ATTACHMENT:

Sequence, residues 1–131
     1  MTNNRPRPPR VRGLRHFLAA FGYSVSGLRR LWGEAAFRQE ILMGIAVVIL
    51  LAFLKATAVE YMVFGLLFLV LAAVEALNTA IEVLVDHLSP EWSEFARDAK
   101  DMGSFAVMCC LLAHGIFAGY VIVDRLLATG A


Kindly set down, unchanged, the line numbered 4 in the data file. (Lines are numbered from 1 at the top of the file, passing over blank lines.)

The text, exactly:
   101  DMGSFAVMCC LLAHGIFAGY VIVDRLLATG A